Context and Scholars

This coming Sunday is the Third Sunday of Easter in Lectionary Cycle C. Our gospel describes the Apostle’s encounter with Jesus at the Sea of Tiberias. These verses are from the final chapter in the Gospel according to John. Immediately preceding this chapter are these verses: “Now Jesus did many other signs in the presence of (his) disciples that are not written in this book.  But these are written that you may (come to) believe that Jesus is the Messiah, the Son of God, and that through this belief you may have life in his name.” (John 20:30-31) 

Such are the closing verses at the end of the so-called “Doubting Thomas” narrative of John’s gospel (“Believing Thomas” is the better #hashtag). It reads as a great ending to the whole gospel. That is why many scholars argue that John 21 is an addition to an original Gospel version that concluded at the end of John 20. But the problem with that view is that John 21 is found in every ancient manuscript of the Gospel that we possess and, if it was appended, must have been appended almost with the original publication of the work.

Scholars offer two basic grounds for considering John 21 an added epilogue: “(1) John 20:30–31 brings the Gospel to a close, and (2) Jesus’ post-resurrection appearances in John 21 introduce an ecclesial focus that is secondary and anticlimactic to the concerns of John 1–20.” [O’Day, 854 citing the view of others]  But then such an opinion seems somewhat circular. Their “decision about the status of chap. 21 is largely based on how it fits scholars’ theological preconceptions about how the Gospel of John should end. Beasley-Murray, for example, writes that John 21 ‘has an emphasis on the situation of the Church and its leaders beyond anything in the body of the Gospel.’” [O’Day, op.cit] That presupposes that Jesus had no intention of anything/one taking up his earthly ministry in any way/shape/form – which seems an odd position in the light of John 14-17. A more supportable position (it seems to me) is that John 21 is placed exactly where it needs to be with a focus on the ecclesial dimensions at the start of the church’s mission. O’Day [854-55] nicely outlines such a view:

There is a distinction between the focus of John 20 and that of John 21, but it is a distinction that is integral to the scope and movement of the Gospel narrative. In 20:1–31, the narrative and theological focus rests on the completion of Jesus’ glorification. Thomas’s proclamation, “My Lord and my God” (20:28), signals the fulfillment of Jesus’ prayer of 17:1–5; Jesus is glorified in God’s presence. But Jesus’ prayer at his hour looks beyond his own glorification to the future life of the believing community (17:6–26), and the stories of John 21 point explicitly to that future. It is inaccurate, therefore, to state that John 21:1–25 introduces ecclesial concerns that are not integral to the Gospel. In John 16:2–3, for example, Jesus predicted the future persecution and martyrdom of members of the community, predictions that are revisited in the stories of Peter and the beloved disciple in 21:15–24. Throughout chaps. 13–17, Jesus spoke of his hopes and promises for the life of the faith community (e.g., 14:12; 15:12–27; 17:17–18, 20; cf. 19:26–27), and John 21:1–25 offers a narrative conclusion to those hopes.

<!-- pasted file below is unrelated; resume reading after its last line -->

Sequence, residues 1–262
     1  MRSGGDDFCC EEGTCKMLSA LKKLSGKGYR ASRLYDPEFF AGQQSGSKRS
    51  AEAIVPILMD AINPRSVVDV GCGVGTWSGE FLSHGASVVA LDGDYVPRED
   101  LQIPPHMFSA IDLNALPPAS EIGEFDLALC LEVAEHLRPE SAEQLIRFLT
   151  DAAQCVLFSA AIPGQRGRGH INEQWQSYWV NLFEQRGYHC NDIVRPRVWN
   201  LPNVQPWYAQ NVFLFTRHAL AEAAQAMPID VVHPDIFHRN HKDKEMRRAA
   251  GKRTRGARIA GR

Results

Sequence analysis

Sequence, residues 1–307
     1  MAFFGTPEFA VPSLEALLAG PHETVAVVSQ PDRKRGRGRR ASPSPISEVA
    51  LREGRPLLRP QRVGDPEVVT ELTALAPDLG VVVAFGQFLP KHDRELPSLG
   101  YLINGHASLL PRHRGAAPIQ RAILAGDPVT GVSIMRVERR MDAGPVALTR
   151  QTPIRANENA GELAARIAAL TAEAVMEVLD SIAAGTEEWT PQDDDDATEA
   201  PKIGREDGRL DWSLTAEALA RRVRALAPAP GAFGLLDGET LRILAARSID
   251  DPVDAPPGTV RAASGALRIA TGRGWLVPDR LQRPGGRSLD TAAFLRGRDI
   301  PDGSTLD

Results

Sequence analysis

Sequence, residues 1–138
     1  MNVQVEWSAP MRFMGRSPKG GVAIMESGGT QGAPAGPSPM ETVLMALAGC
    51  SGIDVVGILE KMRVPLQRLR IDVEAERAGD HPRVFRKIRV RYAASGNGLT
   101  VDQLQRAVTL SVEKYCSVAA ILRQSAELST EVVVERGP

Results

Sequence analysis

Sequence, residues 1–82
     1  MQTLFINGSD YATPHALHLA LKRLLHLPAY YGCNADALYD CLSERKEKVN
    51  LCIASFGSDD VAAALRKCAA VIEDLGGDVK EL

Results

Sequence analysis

In addition to the narrative and theological flow, John 21 is tied to the previous chapters by a host of literary and theological links. Johannine characteristics found in this chapter are the

  • Sea of Tiberias (v.1; near the site of the miraculous feeding of John 6:1-14);
  • names of Simon Peter, Thomas the Twin, Nathanael from Cana in v.2;
  • night-day contrast of vv. 3–4;
  • lack of recognition in v.4;
  • Beloved Disciple of v.7, who relates to Peter and who first recognizes the Lord;
  • charcoal fire of v.9, together with the image of Jesus as servant and giver of bread to the disciples;
  • reference in v.14 to two previous appearances (in ch. 20);
  • Peter’s triple profession (vv. 15–17) to counterbalance the triple denial and to reintroduce the shepherd theme (ch. 10);
  • glorifying aspect of Peter’s death in v.19;
  • reference to the Beloved Disciple’s position next to Jesus at the Last Supper in v.20.

If not John himself, then this was added by an expert in John’s thought — surely by one of his disciples, and by one thoroughly conversant with the Gospel material. If this chapter is an addition, it is nonetheless a beautiful addition, and the Christian community would be considerably poorer without it.

Apart from all scholarly opinion, John 21 is part of the canonical Gospel according to John.

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